• Home fuel-alcohol distillation and its use for heating/cooking. This would provide only very meagre heating, but could provide cooking on the few days that solar PV is inadequate. Finding a sustainable source of sugar for fermentation could be tricky in the city.
  • Home ethanol synthesis using surplus summer PV electricity. This could be a good way of storing surplus solar PV energy in summer for use in winter. A catalyst is in the early stages of development, and no commercial product is available
Really, we just need to learn to live with cooler houses in winter, and warmer houses in summer.



  1. Chris,

    I'm particularly interested to hear your thoughts on my recommendation against using wood fires in (sub)urban areas, given your experience with wood heating in rural areas.

    Cheers, Angus

  2. Everything I ever knew or said about green sustainable design was probably wrong

    no heat pumps required One Step Off The Grid
    Hi Angus, some links for your consideration. Im not a fan of thermal mass floors myself, cold feet equals unhappy me! insulation under a thin low conductive surface ie (polyurethane sealed wood) is barefoot anytime of the year.
    Wood heaters are tricky, they need to reflect enough heat back into the fire and secondary combustion area to keep it above a minimum temperature. Going out on a limb I'm guessing 800-850 C for the primary and at least 500 C for the secondary chamber. Much below that and the high heat generating clean burn collapses and takes the chimney draw with it. Some of the super low emission heaters lose their draw occasionally, so I am thinking of backing off the ragged edge and trialing a local heater next winter *800LE. Perhaps modifying it to run pressurised with a tiny fan for overnight burns and playing around with the insulation to keep the fire internal temp up a little higher. I'm confident it will run well without the mods but Hey! where's the fun in that. I have looked at a lot of wood heaters in the last 5 years and I am not very impressed, I think we are paying for form rather than function.

  3. Hi Steve,

    Thanks for your great comment and interesting links.

    The TreeHugger article is interesting. I think it's highlighting the tension between new-build and retrofit scenarios, as well as the greater context of urban planning. The comments are interesting too. I think that a lot of consideration needs to be given to the specifics of the site. For example, if shading means that winter sun is affected, then it doesn't make sense to have a lot of Equator-facing glazing since even the best glazing loses a lot more heat than a well. This is precisely the dilemma I face at my house -- a large gum tree means our North-facing wall only gets winter sunshine form about midday onwards. I don't want to put too much glazing there!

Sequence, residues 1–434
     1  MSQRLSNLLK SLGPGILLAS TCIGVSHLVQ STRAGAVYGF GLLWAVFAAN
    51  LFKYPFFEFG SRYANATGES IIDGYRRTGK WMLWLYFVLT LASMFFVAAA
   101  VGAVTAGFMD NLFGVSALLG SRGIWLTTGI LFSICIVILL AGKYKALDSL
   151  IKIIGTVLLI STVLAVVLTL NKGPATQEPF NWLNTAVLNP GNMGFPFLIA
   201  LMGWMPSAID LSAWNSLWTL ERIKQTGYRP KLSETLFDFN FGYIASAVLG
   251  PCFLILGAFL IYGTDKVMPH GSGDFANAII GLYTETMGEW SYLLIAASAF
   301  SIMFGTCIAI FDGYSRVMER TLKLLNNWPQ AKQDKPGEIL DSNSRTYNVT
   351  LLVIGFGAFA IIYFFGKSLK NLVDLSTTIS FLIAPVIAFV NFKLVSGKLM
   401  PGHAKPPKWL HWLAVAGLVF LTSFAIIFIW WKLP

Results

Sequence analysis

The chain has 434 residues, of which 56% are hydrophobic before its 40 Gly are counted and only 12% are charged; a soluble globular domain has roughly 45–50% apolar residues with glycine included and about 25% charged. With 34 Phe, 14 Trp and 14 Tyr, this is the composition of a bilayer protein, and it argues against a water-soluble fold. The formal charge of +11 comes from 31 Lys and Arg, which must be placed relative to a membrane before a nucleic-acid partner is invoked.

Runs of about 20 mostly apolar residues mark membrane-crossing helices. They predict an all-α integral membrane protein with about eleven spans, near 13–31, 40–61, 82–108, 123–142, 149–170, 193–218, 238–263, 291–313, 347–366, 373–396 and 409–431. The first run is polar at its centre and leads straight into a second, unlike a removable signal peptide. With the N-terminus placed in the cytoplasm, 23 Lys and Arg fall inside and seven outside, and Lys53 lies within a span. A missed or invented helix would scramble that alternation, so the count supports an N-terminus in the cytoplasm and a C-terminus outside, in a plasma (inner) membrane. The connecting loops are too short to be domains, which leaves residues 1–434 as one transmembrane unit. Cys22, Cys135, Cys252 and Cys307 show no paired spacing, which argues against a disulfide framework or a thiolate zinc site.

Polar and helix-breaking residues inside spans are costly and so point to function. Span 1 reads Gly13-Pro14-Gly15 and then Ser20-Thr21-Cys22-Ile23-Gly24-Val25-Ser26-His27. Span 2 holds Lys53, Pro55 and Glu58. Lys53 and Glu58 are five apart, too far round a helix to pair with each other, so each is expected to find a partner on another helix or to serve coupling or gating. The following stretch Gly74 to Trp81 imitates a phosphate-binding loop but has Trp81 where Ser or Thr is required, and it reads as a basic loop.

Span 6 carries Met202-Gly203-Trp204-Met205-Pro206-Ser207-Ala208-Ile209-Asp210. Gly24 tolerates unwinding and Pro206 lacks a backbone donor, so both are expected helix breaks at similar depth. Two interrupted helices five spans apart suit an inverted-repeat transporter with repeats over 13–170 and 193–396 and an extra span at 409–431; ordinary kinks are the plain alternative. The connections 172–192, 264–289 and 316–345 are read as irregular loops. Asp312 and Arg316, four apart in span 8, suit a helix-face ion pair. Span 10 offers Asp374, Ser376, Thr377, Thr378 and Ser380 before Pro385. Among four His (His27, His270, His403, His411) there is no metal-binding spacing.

The One Step Off The Grid article is intersting too. I am planning to buy one of these radiant heaters, and wire it with a movement sensor so that it automatically switches off if no one is there. See how that goes... I don't think I agree about using "excess" solar PV to resistively heat water though -- I still support either solar HWS or heat-pump. This is for the simple reason that solar PV energy that is exported to the grid is not "wasted".

    Your thoughts about flooring are interesting. I guess historically, floors would be heavy and cold, and in winter they'd be covered with a rug (that was put away in summer). That has the best of both worlds, perhaps?

    Our current combustion heater is about 60 years old, and exhausts into a chimney. It's very inefficient. Perhaps it would be better to replace it with a fan pumped one so that I can have a cleaner burn and also capture the heat in the house without it going up the chimney. Certainly having an exposed flue like on the 800LE (which looks good, btw) helps a lot.
    I am presuming that a strong secondary burn will consume most/all of the smoke and soot?

    I will try to incorporate some of these ideas/links into the article prior to publication. Thanks very much for your suggestions!

    Cheers, Angus

  4. Hi Angus,

    The term management is spot on. A great idea. Control does lend the wrong mindset to the whole issue.

    I also have to second Steve's comment about thermal mass under floors. I have thick R3.5 batts under 19mm timber tongue and groove flooring and even on the coldest day I can walk around barefoot if I so chose. Do that on a concrete floor and you immediately know that it takes a huge amount of energy to stop the thermal mass draining the heat out into the soil and no amount of insulation can stop that loss to the soil. And the cold radiates at you if the house has not been mechanically warmed for many long days - even if the air is warm.

    Why do we make houses on concrete slabs then? Because it is quicker and takes less skill to do than strip footings or stumps. And labour costs a huge amount. Nuff said really. Stumps are not a cheap way to build a house.